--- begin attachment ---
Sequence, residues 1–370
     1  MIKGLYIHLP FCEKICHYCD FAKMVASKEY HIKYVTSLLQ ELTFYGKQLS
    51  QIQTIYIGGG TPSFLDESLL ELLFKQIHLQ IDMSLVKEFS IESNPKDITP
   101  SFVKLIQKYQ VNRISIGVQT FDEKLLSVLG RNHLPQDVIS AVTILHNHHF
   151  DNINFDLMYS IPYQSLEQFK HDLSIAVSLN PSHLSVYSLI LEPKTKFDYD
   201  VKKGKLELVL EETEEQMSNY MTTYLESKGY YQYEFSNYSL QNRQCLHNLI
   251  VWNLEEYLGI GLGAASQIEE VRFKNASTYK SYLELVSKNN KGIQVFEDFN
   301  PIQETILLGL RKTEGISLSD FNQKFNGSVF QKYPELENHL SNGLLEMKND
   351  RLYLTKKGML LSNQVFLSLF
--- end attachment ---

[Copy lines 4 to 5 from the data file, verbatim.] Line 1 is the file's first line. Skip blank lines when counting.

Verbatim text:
   101  SFVKLIQKYQ VNRISIGVQT FDEKLLSVLG RNHLPQDVIS AVTILHNHHF
   151  DNINFDLMYS IPYQSLEQFK HDLSIAVSLN PSHLSVYSLI LEPKTKFDYD